$\displaystyle \frac{4\pi}{c} \left ( {\bf J}  {\bf J}_\text{long} \right )$ $\displaystyle {\bf J}_\text{long} = \frac{1}{4\pi} \nabla \int \frac{\nabla' \cdot {\bf J}}{{\bf x}{\bf x}'} d^3 x$ Answer: In the Coulomb gauge the scalar potential follows Coulomb's law$\displaystyle \nabla^2 \phi = 4\pi \rho.  $ That is why it is called the Coulomb gauge.
 Derive Coulomb's law from Maxwell's Equations
The first of Maxwell's equations is

Introduction to Simple Harmonic Motion
 The ith term in the sum on the right hand side,
$\mathbf{r}$ $\displaystyle\mathbf{E}(q_i) = q_i \frac{ (\mathbf{r}  \mathbf{r_i})} {\mathbf{r}  \mathbf{r_i}^3},$ (Eq. 1.0.2) is the electric field of the ith point charge (Coulomb's law).  The restoring force is the component of the gravitational force acting perpendicular to the wire supporting the mass.This is
$mgsin(\theta)$ .Assuming the wire support is rigid, the acceleration of the mass is in the$\theta$ direction, so$ma=m\ell\ddot\theta$ and we have from Newton's second law:$\ddot{\theta} + \frac{g}{\ell} \sin(\theta) = 0$ .This is a nonlinear equation except for small$\theta$ , in which case$\theta$ .  Then Newton's second law is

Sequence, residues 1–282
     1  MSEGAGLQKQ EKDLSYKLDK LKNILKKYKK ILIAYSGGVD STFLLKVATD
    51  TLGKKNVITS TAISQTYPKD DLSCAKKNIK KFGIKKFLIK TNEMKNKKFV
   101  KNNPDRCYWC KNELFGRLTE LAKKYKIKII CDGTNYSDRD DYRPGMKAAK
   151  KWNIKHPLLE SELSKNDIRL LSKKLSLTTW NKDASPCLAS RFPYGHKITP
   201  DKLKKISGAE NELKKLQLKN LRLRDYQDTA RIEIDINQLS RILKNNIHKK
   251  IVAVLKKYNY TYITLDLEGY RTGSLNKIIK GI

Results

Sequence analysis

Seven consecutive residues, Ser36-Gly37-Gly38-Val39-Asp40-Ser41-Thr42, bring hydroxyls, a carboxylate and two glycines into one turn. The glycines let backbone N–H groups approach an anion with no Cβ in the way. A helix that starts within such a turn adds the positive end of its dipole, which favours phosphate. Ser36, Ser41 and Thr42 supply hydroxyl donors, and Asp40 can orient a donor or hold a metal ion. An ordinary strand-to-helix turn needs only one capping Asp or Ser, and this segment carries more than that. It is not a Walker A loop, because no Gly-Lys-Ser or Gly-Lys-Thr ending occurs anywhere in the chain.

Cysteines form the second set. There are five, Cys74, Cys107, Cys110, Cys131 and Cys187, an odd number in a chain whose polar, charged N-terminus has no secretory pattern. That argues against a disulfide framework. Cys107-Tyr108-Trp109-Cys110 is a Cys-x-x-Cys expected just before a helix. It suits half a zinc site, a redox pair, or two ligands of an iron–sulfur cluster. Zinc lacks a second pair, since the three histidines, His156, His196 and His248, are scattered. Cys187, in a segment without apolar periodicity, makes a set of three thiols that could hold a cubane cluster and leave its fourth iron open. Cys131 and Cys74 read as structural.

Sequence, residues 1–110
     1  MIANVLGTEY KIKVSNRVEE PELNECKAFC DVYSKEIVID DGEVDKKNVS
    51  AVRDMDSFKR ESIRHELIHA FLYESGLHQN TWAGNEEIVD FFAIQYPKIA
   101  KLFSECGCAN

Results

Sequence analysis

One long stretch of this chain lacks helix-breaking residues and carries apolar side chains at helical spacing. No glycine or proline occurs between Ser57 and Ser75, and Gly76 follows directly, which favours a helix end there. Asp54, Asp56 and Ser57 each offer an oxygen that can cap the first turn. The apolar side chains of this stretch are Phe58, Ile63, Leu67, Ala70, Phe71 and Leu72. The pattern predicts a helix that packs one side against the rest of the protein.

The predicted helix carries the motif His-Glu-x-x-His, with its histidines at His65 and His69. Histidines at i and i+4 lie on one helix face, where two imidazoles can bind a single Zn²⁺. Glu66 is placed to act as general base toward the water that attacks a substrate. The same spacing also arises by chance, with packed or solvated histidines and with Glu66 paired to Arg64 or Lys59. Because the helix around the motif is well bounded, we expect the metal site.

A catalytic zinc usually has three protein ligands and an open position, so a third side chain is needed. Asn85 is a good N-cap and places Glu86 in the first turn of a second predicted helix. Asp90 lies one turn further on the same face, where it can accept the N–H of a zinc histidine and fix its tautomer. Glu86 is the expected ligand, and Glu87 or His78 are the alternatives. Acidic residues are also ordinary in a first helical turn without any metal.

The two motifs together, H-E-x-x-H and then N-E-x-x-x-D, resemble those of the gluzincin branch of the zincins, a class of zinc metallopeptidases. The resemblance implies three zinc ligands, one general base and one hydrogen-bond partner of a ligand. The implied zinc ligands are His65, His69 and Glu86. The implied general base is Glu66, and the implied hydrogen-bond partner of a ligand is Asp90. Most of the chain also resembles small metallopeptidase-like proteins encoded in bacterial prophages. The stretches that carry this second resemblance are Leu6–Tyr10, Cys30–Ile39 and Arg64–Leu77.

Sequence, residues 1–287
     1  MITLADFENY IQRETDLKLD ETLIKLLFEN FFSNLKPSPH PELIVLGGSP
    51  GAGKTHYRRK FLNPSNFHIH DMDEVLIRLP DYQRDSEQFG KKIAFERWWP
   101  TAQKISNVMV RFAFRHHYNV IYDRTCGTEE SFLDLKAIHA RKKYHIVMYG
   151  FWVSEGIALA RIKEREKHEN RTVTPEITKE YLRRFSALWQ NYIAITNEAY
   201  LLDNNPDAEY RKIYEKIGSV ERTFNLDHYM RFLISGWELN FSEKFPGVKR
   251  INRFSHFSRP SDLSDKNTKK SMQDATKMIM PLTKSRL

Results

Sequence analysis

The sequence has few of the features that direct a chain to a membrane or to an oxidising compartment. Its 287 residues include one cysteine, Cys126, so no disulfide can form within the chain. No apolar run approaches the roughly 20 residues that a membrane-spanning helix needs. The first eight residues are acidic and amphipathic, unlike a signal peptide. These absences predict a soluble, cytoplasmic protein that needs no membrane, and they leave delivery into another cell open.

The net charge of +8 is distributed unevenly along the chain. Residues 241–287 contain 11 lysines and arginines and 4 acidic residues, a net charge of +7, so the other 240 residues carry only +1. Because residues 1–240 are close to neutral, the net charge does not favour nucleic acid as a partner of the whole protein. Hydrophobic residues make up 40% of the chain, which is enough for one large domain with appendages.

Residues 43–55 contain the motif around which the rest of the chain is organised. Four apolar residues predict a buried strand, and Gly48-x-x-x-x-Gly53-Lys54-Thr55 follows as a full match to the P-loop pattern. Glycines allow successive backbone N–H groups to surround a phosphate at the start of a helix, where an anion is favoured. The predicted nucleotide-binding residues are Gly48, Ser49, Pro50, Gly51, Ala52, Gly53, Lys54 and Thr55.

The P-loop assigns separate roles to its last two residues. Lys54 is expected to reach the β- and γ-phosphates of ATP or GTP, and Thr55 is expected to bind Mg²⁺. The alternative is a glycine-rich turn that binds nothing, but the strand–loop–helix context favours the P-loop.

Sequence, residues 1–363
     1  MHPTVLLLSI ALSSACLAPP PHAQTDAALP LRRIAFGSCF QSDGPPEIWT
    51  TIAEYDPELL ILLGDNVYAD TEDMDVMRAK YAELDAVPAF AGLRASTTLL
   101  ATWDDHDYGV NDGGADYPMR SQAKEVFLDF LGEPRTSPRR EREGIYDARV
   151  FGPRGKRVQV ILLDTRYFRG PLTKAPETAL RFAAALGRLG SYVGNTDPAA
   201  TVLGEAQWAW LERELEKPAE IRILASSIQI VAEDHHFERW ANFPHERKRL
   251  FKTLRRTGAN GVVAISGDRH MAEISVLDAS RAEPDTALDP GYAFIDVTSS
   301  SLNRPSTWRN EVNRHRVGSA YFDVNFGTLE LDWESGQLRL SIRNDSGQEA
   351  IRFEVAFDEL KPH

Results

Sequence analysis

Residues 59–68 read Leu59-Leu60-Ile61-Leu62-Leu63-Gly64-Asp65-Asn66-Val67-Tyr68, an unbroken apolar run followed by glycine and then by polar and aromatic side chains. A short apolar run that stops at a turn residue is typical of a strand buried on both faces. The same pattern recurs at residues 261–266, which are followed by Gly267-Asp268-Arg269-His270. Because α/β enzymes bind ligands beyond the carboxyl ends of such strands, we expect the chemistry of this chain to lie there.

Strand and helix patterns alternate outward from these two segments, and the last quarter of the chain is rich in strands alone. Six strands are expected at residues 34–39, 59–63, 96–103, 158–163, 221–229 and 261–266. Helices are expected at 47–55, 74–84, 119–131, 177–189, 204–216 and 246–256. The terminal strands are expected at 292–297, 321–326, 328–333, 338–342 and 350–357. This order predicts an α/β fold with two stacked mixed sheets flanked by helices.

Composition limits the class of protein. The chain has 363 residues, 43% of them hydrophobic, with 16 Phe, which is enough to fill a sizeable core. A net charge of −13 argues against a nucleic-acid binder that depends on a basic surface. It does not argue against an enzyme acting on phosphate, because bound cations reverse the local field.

$m\ddot{x} = F(x)$ .
 The ith term in the sum on the right hand side,

What is Potential Energy?
 For example, the work of an elastic force is called elastic potential energy ; work done by the gravitational force is called gravitational potential energy; and work done by the Coulomb force is called electric potential energy.
 Coulomb force (proper noun) the electrostatic force between two charges, as described by Coulomb's law